In a concert focused on imagination and illumination, Fresno Master Chorale strives for choral insights

By Donald Munro

Just before I opened the email telling me the program for the Fresno Master Chorale’s upcoming concert (2:30 p.m. Sunday, Nov. 12, at Shaghoian Hall), I said aloud:

“I bet it includes Gjeilo.”

I was right.

Ola Gjeilo is a Norwegian composer (currently working in New York City) who writes mesmerizing choral works. I was introduced to him through Anna Hamre, music director of the Fresno Master Chorale, simply because of the number of times she has featured him on her programs.

“Indeed, he is one of my favorites,” Hamre tells me.

If I had one word to describe Gjeilo, it would be lush. There is something so filled-to-the-brim about his harmonies, so all-encompassing, that his music feels rich, thick and almost decadent. (His “Sunrise Mass” is one of my high-repeaters on my playlist.)


Gjeilo’s “Song of the Universal,” using texts by Walt Whitman, opens the concert.

Hamre says it is the perfect piece to open a concert designed to address the great existential questions of this life and the next one.

“The text of unmitigated joy and hope is spiritual in a very broad, all-encompassing way. That is reflected in soaring melodic lines undergirded with vital rhythmic activity in the orchestra.”

“Illumination/Imagination” is the theme for the Fresno Master Chorale’s 2023-24 season.

After the Gjeilo piece comes Tarik O’Regan’s “Triptych.” It includes a variety of texts, Hamre says, including poetry and some Biblical excerpts. The composer’s aim is to draw similarities across cultures and centuries about the way humans view this life and the afterlife.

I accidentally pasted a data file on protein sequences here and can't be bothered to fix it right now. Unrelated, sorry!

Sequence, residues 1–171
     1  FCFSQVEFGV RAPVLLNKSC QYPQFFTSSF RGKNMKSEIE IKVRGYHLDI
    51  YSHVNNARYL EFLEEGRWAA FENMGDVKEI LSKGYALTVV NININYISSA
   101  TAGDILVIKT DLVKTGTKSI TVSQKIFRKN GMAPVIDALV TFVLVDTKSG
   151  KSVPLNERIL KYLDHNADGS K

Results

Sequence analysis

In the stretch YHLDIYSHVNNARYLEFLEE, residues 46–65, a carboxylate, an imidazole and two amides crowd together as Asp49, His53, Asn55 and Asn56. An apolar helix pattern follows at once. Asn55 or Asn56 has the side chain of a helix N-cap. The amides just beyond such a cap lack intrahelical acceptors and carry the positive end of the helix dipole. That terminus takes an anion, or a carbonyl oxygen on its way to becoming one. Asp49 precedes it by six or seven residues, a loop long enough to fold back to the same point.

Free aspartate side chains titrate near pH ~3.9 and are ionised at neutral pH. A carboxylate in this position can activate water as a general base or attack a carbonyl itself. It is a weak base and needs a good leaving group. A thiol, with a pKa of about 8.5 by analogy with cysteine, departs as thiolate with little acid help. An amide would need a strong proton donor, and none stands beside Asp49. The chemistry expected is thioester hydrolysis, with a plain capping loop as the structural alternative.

For those who think of choral music as somehow old and irrelevant, “Triptych” dashes that notion.

Hamre points to a program note written by O’Regan that seems haunting and overwhelming, given current events:

“Relatively new to living in New York, I am much more aware of the independent, vibrant cultural plurality that exists today; it’s probably the single most dazzling facet of the City and is largely responsible for the infamous ‘edginess’ that pervades daily life there. With this in mind, I set to work on Threnody (movement I of Triptych) in 2004; I wanted to write something that was relevant to the Israeli/Palestinian issue without losing that City ‘edge’.”

Morton Lauridsen’s “Lux Aeterna” closes the concert. It draws its texts from sacred Latin sources, each with a reference to light.

Looking ahead: The spring concert includes a new work entitled “Illuminare” by Elaine Hagenberg. The “backwards” writing on the poster is partly in reference to the mind-bending work of Leonardo daVinci, who occasionally wrote backwards.

Covering the arts online in the central San Joaquin Valley and beyond. Lover of theater, classical music, visual arts, the literary arts and all creative endeavors. Former Fresno Bee arts critic and columnist. Graduate of Columbia University and Cal Poly San Luis Obispo. Excited to be exploring the new world of arts journalism.

Comments (1)

  • JIm Mendez

    Don, Thank you for bringing this program to the attention of your readers. I think the time you listed is incorrect. The website says the performance starts is on “Sun, Nov 12 at 2:30 PM (PST).” Those of us who call the Valley home have been blessed by the intellect, the skill, the passion and the art of Anna Hamre. I am always moved emotionally by the musical performances from the Fresno Master Chorale.


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